The family had a house in upstate New York, and an apartment in the city. They left the dog in the house because he was such a bother in the apartment — shedding, barking, needy. He was left alone, and they paid a stranger to walk him twice a day. She said he cried every time he had to return to the house and be alone again.
There is a man deep in the Amazon. His entire tribe is dead, and when researchers stumbled upon him, they estimated that he had been alone for more than a generation.
We are communal, humans. We are like our pets. We need the company of one another. In the old days, it was for safety. One tribe to fend off another.
The dark is different when we are not alone.
I think sometimes I am not as smart as that dog. Not as willing to cry out against my loneliness. My isolation.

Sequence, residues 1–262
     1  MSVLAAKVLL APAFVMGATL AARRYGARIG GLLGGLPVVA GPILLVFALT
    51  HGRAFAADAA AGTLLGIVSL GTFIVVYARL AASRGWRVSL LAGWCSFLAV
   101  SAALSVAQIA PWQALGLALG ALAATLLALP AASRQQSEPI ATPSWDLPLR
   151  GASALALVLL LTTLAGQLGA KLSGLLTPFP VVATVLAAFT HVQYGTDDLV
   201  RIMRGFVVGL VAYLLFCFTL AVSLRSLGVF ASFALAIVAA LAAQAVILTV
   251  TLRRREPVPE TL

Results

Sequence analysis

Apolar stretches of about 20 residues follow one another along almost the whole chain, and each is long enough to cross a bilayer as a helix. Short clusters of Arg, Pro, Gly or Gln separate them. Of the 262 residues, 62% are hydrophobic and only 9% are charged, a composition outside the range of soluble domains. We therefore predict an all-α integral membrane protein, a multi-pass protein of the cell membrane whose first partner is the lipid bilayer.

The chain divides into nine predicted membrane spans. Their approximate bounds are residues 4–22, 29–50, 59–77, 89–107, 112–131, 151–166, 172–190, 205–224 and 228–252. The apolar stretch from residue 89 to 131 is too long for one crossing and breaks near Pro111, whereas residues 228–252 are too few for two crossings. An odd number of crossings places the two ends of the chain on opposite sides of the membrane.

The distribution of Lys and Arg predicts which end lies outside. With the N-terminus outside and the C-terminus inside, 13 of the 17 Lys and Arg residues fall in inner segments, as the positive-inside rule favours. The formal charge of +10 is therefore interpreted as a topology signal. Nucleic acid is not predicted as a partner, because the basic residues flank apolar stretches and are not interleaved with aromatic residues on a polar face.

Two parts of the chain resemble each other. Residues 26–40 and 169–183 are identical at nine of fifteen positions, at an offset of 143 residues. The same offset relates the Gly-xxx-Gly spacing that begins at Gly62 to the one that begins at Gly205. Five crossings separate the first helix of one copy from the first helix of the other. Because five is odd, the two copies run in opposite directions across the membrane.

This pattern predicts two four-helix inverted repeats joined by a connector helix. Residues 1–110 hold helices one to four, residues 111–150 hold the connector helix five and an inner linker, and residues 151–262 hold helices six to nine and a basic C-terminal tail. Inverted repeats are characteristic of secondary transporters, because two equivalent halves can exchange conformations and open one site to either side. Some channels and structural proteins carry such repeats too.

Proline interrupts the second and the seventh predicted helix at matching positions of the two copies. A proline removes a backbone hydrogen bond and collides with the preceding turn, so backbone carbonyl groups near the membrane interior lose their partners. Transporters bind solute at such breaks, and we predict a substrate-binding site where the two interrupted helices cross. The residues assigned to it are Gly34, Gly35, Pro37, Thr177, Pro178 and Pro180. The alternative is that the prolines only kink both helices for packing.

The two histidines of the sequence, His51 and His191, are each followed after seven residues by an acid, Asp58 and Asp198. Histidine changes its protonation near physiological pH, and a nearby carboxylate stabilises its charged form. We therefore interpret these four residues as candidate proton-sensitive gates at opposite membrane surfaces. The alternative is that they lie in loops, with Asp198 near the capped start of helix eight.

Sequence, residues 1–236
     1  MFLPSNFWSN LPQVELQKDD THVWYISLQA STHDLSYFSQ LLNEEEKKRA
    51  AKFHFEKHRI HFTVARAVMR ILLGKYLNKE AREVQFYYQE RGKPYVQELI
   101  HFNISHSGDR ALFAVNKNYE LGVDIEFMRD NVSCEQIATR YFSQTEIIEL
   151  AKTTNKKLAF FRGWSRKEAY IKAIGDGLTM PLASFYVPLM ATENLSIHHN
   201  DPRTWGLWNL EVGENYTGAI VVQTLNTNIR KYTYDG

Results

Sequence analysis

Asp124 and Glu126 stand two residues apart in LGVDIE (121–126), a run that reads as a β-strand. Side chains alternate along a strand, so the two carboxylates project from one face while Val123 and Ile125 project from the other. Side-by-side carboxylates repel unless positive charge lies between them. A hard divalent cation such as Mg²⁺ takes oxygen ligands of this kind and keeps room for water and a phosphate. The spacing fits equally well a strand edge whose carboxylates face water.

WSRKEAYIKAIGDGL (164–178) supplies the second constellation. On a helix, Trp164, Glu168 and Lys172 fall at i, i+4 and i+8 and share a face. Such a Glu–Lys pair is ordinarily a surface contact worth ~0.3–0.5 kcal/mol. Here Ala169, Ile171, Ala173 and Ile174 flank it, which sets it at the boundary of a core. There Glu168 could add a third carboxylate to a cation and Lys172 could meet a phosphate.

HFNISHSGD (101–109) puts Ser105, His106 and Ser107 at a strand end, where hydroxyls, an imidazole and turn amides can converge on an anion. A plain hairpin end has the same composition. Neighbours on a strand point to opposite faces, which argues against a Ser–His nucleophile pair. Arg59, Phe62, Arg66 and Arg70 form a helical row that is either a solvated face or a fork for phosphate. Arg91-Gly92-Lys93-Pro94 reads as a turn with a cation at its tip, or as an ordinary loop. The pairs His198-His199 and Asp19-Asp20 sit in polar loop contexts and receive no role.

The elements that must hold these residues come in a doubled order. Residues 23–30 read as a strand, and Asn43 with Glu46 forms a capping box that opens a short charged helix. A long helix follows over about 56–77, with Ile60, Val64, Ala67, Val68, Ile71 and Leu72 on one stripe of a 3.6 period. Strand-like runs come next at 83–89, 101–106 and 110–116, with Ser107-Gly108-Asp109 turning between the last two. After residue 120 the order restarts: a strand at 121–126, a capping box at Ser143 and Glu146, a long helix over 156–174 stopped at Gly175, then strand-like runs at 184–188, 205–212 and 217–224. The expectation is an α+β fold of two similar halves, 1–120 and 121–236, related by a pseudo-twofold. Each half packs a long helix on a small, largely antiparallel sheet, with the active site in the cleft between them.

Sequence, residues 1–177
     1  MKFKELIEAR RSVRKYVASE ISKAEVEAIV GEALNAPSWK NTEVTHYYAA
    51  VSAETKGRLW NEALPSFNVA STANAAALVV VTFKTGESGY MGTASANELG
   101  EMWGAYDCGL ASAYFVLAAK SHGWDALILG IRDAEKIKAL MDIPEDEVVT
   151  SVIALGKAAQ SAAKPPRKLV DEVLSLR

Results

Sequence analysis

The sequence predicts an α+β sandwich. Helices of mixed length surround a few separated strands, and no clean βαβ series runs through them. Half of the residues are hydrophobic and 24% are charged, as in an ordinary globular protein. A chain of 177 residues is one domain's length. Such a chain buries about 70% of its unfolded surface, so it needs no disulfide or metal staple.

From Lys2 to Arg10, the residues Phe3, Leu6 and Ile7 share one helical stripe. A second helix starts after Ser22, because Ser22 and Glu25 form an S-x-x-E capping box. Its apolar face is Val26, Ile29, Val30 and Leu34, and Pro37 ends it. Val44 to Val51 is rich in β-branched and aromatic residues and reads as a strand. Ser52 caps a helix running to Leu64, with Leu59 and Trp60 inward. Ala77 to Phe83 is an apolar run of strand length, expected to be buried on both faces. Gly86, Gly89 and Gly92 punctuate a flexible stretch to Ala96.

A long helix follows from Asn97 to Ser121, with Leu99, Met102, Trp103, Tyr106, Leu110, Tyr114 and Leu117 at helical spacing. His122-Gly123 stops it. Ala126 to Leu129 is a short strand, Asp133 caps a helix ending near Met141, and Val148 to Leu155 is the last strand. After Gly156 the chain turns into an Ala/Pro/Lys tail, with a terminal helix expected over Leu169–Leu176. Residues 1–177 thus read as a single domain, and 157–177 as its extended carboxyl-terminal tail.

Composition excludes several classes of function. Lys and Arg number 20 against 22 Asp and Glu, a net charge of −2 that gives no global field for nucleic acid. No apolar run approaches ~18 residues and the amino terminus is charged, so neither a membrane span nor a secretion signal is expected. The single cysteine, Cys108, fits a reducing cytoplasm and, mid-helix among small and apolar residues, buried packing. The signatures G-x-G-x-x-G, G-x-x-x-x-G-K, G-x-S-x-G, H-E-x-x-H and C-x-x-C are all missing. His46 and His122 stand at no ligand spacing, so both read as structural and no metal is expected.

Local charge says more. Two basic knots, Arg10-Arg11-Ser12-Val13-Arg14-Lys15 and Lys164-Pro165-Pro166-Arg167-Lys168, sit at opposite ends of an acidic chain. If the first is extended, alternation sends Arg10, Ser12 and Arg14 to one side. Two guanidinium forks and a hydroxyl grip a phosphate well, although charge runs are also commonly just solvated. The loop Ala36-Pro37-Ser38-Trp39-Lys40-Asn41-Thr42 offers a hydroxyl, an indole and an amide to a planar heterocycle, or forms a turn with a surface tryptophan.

I need you, fellow humans. Even in my despair. And my joy. I need you around a dinner table. I need you to tell me a story of the thing that happened to you one time, many years ago. I need you at the fireplace. I need you in the office, with the coffee cupped in our hands. I need you on these snow-burdened streets. In the club, our heads nodding in rhythm to the bass guitar. Our hips urging us higher, higher.
In this cellular age, I miss you. Like a dog alone in a house. Like a man left in the Amazon. Like a woman nearby, overly fond of solitude, and not always wise enough to tell you. Happy winter, friend. Have you noticed how the snow bends the trees, and urges us to go slowly, to let the quiet be quiet, to stretch as insistently as ever toward one another?